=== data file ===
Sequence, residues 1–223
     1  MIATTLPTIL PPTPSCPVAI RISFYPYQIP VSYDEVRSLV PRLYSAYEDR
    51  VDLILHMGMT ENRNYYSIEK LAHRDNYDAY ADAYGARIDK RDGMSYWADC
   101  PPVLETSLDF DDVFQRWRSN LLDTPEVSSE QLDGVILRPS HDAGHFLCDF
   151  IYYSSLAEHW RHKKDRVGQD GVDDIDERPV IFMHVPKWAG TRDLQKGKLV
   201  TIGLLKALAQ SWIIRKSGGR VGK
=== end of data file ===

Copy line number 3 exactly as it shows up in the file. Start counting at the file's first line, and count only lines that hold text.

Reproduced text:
    51  VDLILHMGMT ENRNYYSIEK LAHRDNYDAY ADAYGARIDK RDGMSYWADC